Signal Transduction: From the Atomic Age to the Post-Genomic Era

Thorner, J., Hunter, T., Cantley, L. C., Sever, R. (October 2014) Signal Transduction: From the Atomic Age to the Post-Genomic Era. Cold Spring Harbor Perspectives in Biology, 6 (12). a022913. ISSN 1943-0264

DOI: 10.1101/cshperspect.a022913


SUMMARY We have come a long way in the 55 years since Edmond Fischer and the late Edwin Krebs discovered that the activity of glycogen phosphorylase is regulated by reversible protein phosphorylation. Many of the fundamental molecular mechanisms that operate in biological signaling have since been characterized and the vast web of interconnected pathways that make up the cellular signaling network has been mapped in considerable detail. Nonetheless, it is important to consider how fast this field is still moving and the issues at the current boundaries of our understanding. One must also appreciate what experimental strategies have allowed us to attain our present level of knowledge. We summarize here some key issues (both conceptual and methodological), raise unresolved questions, discuss potential pitfalls, and highlight areas in which our understanding is still rudimentary. We hope these wide-ranging ruminations will be useful to investigators who carry studies of signal transduction forward during the rest of the 21st century.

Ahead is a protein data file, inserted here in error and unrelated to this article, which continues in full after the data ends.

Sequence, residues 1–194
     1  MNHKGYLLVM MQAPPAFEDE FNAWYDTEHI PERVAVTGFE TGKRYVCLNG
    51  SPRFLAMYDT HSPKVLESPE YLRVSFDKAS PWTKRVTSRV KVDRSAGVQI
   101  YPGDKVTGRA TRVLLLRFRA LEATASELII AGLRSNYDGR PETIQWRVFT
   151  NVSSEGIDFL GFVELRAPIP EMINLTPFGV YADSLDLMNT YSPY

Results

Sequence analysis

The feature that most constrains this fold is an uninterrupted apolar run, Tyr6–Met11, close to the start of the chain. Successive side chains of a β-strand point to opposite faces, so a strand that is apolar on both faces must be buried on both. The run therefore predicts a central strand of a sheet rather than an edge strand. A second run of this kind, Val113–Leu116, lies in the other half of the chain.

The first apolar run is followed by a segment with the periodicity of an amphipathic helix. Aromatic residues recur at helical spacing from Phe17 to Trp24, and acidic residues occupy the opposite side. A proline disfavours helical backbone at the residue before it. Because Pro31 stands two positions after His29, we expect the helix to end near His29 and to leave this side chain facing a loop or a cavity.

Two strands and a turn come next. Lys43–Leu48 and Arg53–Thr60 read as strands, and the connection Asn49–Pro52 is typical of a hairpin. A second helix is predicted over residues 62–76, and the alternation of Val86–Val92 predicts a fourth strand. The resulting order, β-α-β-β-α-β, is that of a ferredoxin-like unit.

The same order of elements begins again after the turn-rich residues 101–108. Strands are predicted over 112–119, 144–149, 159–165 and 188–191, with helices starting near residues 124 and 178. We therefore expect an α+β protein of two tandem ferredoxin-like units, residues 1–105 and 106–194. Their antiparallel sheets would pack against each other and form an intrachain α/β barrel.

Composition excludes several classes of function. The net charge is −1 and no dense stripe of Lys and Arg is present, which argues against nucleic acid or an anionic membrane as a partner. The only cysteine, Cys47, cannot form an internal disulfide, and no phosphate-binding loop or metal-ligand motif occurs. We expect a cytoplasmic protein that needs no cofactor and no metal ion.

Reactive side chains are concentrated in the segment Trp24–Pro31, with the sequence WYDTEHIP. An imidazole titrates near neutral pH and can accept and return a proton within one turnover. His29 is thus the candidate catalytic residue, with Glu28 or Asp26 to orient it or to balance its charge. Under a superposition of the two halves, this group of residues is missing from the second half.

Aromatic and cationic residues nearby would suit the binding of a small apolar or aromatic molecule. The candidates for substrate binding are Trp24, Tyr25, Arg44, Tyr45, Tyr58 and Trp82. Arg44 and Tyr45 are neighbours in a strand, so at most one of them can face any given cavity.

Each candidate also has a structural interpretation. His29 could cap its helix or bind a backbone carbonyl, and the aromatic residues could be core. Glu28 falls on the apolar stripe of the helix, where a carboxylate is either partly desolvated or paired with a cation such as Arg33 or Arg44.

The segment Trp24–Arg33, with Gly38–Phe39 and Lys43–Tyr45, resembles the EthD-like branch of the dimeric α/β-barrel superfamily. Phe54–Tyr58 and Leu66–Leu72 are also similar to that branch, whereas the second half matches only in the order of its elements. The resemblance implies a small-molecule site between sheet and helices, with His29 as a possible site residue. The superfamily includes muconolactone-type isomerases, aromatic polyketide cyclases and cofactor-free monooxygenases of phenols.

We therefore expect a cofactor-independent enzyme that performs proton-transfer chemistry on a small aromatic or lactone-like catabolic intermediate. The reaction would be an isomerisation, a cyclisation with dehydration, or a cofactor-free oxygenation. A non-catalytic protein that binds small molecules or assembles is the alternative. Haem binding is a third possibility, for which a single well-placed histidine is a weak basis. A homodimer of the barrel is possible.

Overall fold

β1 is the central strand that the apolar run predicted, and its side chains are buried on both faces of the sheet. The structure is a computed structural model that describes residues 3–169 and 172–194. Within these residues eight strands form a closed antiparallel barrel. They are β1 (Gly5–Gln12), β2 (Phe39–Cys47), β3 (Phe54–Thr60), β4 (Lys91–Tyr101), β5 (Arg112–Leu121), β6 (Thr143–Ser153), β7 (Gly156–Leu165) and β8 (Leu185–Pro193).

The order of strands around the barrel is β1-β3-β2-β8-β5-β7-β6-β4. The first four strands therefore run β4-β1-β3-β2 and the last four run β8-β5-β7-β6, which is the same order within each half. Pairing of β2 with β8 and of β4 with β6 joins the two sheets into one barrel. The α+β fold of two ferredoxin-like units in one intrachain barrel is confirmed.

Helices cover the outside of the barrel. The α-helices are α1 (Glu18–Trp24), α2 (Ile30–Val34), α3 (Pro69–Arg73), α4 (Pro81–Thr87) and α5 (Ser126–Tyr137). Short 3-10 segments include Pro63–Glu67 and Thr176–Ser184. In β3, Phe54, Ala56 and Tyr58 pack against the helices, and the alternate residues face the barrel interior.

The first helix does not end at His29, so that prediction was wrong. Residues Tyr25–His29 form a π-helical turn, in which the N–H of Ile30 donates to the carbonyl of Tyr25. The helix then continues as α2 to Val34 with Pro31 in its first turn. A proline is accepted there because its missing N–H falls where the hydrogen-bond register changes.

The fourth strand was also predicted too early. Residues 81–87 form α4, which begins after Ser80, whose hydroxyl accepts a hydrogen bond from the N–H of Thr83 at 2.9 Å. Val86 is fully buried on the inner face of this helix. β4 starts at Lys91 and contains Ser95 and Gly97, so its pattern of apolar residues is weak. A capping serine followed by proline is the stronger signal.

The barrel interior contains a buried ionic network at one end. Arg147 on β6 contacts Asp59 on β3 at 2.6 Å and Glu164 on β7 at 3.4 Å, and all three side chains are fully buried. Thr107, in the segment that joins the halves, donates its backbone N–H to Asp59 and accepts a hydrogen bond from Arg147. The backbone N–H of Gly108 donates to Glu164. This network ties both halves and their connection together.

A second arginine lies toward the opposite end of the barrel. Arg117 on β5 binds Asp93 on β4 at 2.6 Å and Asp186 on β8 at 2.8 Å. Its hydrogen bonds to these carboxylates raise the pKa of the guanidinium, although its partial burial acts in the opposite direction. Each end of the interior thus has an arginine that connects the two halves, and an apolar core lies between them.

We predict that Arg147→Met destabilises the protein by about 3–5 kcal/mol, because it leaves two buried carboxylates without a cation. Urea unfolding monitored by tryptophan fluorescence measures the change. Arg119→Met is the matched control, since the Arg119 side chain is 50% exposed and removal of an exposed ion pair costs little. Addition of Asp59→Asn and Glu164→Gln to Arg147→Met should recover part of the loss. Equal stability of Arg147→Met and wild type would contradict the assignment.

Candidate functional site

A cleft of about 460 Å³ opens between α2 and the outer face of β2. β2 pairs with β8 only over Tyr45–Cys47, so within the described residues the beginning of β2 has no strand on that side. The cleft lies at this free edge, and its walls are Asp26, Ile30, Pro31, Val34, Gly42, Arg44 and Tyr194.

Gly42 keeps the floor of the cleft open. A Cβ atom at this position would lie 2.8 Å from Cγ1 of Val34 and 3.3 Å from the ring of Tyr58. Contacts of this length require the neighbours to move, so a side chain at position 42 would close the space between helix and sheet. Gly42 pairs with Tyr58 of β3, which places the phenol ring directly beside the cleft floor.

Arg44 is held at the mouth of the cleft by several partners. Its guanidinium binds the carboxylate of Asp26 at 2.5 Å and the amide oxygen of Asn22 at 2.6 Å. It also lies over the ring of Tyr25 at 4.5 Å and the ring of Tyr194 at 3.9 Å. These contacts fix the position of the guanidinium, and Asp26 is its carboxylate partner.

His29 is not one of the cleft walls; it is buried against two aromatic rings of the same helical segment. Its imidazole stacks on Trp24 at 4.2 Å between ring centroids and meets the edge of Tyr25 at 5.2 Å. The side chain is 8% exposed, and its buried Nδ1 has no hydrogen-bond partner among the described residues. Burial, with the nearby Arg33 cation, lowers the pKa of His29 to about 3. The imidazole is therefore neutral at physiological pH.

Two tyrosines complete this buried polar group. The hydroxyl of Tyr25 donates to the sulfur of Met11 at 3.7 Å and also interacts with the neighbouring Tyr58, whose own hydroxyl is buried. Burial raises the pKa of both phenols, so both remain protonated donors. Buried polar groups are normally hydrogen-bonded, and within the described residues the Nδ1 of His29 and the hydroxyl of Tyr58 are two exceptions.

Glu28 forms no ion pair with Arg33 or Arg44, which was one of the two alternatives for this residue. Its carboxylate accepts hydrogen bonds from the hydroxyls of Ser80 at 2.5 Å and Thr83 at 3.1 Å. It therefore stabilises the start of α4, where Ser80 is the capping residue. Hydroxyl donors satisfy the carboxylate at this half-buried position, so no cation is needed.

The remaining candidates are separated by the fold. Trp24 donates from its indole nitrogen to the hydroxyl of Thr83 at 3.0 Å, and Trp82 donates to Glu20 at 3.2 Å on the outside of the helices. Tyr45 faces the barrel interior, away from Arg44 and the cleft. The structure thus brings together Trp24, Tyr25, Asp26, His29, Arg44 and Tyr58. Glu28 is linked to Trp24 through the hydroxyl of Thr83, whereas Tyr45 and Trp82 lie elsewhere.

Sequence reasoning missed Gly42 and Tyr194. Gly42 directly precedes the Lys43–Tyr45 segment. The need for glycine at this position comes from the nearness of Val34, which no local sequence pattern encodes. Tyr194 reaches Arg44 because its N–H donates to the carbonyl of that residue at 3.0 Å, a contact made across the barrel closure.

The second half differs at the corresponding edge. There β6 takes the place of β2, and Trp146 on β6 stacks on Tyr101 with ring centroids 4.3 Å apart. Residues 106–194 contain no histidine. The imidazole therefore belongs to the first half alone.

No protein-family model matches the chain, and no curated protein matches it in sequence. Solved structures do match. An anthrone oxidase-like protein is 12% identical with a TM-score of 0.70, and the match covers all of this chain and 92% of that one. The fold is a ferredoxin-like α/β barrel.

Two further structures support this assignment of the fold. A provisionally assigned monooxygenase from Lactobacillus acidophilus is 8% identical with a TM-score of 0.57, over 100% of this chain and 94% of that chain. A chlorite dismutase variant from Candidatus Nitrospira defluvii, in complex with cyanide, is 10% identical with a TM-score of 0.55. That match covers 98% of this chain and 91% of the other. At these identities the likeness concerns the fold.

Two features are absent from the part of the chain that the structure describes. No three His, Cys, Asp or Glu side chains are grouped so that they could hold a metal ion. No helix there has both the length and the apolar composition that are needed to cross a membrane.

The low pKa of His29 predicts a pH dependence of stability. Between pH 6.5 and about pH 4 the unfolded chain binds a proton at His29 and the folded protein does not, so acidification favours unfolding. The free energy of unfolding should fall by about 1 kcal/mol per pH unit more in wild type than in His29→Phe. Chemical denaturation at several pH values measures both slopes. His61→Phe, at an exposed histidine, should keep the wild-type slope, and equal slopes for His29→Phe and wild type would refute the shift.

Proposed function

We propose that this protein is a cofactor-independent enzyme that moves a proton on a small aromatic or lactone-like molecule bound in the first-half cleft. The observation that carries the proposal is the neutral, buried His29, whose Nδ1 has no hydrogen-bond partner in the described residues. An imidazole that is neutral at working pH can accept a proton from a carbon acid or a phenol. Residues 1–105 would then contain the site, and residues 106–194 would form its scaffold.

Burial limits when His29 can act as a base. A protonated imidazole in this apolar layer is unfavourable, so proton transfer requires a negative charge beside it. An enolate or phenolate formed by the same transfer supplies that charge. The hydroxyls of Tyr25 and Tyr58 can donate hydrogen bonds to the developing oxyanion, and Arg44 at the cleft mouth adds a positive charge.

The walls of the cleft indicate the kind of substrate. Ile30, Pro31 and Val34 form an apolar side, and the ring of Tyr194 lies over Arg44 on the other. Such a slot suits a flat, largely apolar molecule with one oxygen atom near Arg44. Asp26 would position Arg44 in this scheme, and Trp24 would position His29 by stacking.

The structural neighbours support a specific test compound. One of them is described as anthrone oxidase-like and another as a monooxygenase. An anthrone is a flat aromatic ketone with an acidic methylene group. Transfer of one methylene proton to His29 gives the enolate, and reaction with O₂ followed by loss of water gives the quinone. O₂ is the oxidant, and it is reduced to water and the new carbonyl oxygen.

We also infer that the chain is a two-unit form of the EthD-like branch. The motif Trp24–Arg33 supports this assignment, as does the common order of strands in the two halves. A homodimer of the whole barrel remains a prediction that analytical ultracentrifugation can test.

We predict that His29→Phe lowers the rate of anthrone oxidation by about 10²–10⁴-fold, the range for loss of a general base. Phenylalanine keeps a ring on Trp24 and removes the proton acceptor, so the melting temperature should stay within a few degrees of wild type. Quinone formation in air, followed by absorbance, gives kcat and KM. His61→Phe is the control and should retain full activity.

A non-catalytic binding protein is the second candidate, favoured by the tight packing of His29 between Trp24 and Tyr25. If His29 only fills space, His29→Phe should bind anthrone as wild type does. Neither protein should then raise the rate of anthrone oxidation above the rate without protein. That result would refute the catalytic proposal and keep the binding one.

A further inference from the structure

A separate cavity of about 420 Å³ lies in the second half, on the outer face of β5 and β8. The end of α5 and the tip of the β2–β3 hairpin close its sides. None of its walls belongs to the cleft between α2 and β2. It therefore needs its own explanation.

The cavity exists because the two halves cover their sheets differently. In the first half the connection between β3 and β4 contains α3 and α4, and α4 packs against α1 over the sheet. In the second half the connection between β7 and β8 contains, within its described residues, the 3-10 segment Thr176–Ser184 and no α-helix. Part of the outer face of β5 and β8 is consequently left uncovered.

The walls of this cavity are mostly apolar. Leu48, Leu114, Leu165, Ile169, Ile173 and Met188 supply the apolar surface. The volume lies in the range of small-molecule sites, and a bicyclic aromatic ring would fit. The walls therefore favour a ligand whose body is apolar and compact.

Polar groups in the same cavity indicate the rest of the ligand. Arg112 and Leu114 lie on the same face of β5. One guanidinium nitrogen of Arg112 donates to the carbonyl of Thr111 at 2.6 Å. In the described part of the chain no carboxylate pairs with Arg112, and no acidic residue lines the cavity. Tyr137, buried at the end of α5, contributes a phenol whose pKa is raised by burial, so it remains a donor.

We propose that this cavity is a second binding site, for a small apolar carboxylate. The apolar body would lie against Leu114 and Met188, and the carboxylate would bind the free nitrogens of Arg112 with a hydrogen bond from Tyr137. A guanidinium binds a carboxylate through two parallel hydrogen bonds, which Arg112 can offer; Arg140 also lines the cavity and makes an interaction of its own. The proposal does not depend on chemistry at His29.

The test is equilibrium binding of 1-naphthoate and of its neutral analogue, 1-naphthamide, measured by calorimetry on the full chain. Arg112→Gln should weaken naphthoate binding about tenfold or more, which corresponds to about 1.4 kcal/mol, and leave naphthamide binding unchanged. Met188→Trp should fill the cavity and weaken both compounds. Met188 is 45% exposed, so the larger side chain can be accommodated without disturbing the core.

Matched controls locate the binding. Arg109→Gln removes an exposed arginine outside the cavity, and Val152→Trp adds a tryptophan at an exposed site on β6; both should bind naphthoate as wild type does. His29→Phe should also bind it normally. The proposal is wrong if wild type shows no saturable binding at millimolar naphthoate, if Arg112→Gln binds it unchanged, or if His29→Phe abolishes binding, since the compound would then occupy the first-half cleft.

Item Type: Paper
Subjects: educational material
historical documents
CSHL Authors:
Communities: CSHL Press
Depositing User: Matt Covey
Date: 30 October 2014
Date Deposited: 07 Nov 2014 17:06
Last Modified: 16 Jul 2021 20:25
PMCID: PMC4292159
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